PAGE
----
Malaria No Match for Nets
Belinda and her six children live in Zambia, a country that has one of the highest incidences of malaria-related deaths in the world. The disease causes 40% of the deaths of Zambian children under five, and 20% of the deaths of pregnant women.
Belinda and her children used to suffer from malaria frequently. The children missed a great deal of school, and when Belinda was sick she couldn’t work or care for them. Her fields would go untended for weeks, resulting in less food for her family. It was a very bad situation.
But in 2008, Belinda received two long-lasting insecticide-treated nets (LLINs) from NetsforLife®, a program partnership that fights malaria in 17 sub-Saharan countries. The program uses an integrated community model for malaria prevention that includes net distribution, education, training and monitoring and evaluation. NetsforLife®’s mission is carried out and supported by Episcopal Relief & Development, Anglican and ecumenical partners, a number of corporate sponsors, and most importantly, local communities.
“NetsforLife® succeeds because it is rooted in powerful community structures,” said Meg L. DeRonghe, Acting Executive Director of NetsforLife®. “Faith leaders and networks of trained church volunteers give voice to crucial messages about malaria, hang nets for their neighbors and answer common questions or concerns. Because communities deliver the program, communities embrace it.”
Since they began sleeping under nets, which protect them from mosquitoes carrying the disease, Belinda and her children have enjoyed good health and remained malaria free. In late 2010, she was visited by NetsforLife®’s Malaria Control Agents, who checked that her nets were in place and in good condition, and gave her new nets to use when the old ones wore out. Typically, LLINs last for around three years before they need to be replaced.
Malaria Control Agents (MCAs) are integral to the NetsforLife® strategy. These are community members who receive training on how to distribute LLINs and ensure they are properly installed in homes. The agents are also responsible for helping residents learn how to prevent malaria, recognize symptoms and get treatment quickly. To date, NetsforLife® has trained 908 Zambian MCAs, who have helped the program distribute more than 897,000 nets in communities throughout the country.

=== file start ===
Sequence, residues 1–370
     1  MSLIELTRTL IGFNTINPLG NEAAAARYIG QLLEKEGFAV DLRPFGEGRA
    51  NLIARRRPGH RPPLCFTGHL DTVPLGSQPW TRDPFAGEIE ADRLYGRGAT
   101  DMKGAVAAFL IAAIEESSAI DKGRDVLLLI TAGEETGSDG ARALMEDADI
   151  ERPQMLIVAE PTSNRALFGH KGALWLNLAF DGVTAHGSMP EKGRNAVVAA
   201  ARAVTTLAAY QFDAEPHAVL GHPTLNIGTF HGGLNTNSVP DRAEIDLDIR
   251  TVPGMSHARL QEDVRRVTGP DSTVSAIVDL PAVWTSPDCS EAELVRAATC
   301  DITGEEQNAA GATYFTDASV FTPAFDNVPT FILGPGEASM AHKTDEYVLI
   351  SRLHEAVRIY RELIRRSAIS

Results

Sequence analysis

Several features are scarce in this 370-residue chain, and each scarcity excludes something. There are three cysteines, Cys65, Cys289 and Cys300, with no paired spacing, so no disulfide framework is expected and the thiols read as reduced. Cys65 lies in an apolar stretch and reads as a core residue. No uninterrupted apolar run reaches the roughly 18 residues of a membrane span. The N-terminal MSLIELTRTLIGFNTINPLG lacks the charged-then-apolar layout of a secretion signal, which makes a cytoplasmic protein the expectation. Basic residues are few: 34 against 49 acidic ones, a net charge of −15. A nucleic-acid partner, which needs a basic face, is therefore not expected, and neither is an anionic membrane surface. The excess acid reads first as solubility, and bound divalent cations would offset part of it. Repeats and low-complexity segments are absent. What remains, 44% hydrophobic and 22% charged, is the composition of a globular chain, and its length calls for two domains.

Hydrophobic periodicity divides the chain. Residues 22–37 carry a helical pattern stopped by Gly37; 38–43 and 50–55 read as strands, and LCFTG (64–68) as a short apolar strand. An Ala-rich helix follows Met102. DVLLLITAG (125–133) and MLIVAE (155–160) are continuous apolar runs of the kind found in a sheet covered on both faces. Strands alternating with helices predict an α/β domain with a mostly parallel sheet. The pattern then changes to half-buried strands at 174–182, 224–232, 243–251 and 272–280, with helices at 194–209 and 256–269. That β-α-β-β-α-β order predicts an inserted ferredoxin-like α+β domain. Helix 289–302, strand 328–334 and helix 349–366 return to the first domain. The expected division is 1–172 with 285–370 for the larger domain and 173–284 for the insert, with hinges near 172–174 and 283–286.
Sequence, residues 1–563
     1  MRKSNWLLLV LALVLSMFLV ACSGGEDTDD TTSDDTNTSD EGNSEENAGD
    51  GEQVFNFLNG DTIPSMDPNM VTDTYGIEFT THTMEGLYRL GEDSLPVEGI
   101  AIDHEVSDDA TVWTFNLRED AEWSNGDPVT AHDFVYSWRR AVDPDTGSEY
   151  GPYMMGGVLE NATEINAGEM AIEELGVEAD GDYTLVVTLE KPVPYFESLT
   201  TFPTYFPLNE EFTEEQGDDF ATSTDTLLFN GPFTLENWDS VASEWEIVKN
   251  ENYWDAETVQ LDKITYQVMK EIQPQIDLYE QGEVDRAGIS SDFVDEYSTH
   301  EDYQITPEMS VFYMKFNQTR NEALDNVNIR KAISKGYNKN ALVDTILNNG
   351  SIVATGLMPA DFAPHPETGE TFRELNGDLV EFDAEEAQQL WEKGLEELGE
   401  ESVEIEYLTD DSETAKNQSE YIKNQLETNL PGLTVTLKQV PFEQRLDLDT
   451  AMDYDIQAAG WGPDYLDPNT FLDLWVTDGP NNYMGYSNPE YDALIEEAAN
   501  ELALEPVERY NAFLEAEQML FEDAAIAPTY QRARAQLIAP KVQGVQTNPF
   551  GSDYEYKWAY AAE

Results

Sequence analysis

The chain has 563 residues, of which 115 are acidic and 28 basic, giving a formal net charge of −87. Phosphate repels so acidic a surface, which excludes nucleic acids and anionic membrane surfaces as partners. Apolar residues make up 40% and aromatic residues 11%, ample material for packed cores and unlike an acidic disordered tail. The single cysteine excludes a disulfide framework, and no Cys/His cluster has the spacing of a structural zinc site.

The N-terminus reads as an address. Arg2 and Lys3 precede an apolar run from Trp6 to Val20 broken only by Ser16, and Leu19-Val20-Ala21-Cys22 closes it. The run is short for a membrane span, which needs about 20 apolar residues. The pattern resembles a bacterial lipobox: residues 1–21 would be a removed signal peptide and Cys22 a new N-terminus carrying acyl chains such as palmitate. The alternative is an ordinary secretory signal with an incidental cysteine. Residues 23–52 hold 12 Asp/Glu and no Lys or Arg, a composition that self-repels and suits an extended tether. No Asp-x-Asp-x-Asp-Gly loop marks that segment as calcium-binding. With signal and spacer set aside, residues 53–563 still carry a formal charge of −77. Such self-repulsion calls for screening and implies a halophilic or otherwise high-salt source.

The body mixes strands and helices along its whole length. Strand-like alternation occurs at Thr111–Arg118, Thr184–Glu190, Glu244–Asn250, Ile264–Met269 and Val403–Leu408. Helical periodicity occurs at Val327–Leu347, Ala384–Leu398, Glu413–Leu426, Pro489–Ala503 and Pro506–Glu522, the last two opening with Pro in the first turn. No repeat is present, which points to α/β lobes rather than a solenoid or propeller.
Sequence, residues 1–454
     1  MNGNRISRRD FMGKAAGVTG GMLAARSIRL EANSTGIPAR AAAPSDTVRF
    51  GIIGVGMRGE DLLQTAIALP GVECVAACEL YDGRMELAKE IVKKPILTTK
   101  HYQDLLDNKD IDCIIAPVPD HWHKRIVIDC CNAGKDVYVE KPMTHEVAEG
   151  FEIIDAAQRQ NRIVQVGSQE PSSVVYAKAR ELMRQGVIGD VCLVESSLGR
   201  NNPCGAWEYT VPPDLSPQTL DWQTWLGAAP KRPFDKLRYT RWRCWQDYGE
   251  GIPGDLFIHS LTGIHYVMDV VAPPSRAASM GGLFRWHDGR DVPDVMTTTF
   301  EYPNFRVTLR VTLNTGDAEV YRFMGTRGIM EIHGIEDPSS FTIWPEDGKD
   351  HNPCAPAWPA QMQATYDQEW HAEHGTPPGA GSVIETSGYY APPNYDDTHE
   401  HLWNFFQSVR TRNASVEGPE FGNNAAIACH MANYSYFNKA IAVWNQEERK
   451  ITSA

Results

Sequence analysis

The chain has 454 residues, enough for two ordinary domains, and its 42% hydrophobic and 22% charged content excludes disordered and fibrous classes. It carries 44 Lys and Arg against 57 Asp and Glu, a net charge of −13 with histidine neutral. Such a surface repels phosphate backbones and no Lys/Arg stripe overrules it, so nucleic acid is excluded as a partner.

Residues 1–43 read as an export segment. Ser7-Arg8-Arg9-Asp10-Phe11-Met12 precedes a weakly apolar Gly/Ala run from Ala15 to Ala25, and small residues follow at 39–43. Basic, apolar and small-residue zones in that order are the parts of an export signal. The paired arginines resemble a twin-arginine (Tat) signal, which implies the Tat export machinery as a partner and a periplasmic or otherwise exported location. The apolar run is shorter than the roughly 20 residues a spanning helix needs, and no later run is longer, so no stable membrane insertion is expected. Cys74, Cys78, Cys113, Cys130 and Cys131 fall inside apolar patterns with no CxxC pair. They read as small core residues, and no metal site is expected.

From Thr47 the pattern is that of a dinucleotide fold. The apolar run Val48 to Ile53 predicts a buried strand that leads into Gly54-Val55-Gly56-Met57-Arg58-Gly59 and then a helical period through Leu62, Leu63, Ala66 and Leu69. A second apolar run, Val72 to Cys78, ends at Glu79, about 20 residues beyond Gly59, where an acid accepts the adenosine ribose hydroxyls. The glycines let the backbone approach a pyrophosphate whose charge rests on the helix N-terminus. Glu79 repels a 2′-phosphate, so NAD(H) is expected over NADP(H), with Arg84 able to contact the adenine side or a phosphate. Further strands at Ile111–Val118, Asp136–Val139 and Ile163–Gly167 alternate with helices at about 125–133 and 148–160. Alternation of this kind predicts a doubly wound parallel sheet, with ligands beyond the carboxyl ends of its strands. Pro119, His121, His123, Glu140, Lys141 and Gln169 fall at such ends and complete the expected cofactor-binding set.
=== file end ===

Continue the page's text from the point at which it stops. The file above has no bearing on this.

Now that Belinda’s children are protected by nets when they sleep, they no longer miss school, and their improved attendance has increased their performance in class. Belinda says, “I am very grateful to the Anglican Church and NetsforLife® for the work that is being done, and I would like you to continue, as what you are doing is saving a lot of lives.”
Through its partnership with the Zambian Anglican Council, NetsforLife® is able to reach the most remote corners of the country and spread the “net culture” that is saving lives. “Net culture” is related to the level of awareness and knowledge about malaria prevention, the availability and proper use of LLINs, and the degree of community mobilization to keep everyone protected. When neighbors share experiences and success stories, they build interest, ownership and active participation in their community’s fight against malaria.
Churches of the Anglican Communion have had a long-term presence in many African communities, especially those “at the end of the road.” Local Anglican churches, such as the ones in Zambia, have tremendous organizational potential. With support from partners like Episcopal Relief & Development and NetsforLife®, they are using proven methodologies to bring huge benefits to local communities.
“We are grateful to the Anglican Church,” says Belinda. “We thought that the Church’s duty is to preach the Word of God at the pulpit on Sunday, but to our surprise the Anglican Church has come to our aid in the prevention of diseases. God bless you!”
To support the work of the NetsforLife® program partnership and get involved, visit the NetsforLife® Inspiration Fund page.